As for the future, the success of her recent stage play has beckoned for an encore. She would also love to write and direct a second feature film, but said that she is prevented to by her commitment to her role as a mother. Film production, she explains, requires extended periods of absence, sacrificing her family time. Crystal insists that to do so would “not be fair” to her children.

Once again, in her usual understated manner, she states that she can however direct a stage play and ‘simply’ write a scene a night when it would not interfere with her “most important job of all.” She already received rave reviews for a play she wrote and directed, The Fertility Goddess, a black comedy based on her own difficulties conceiving her second child.

She is also the joint creator of Culture Cubs, an innovative video aimed at teaching English-speaking children Mandarin. Production of a second video is planned.

Overall, she is driven by a love for creating an idea and watching it materialise. For an actress, director and talk show host that has been associated with very intimate and sometimes controversial roles and topics, she seems unconcerned that some people may associate her with her racier images and refuses to read the tabloids.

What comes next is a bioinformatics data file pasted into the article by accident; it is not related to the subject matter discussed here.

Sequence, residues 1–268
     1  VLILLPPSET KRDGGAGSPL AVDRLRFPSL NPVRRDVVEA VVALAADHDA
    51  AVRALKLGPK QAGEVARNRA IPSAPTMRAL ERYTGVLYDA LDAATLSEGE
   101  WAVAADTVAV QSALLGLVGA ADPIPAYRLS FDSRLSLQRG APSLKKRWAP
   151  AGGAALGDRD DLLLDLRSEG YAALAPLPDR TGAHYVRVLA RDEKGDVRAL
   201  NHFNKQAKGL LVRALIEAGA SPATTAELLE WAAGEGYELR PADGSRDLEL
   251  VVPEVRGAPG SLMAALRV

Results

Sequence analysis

Crystal continues to make her mark, often from behind the scenes. She sees it as her role to make people more comfortable with themselves and to open up new channels for the discussion of sensitive topics.

She insists that in this image crazed world, to which she was given an entry card to the upper echelon, she just never cared what people thought of her. But it is clear that she does now and they are all waiting for her at home.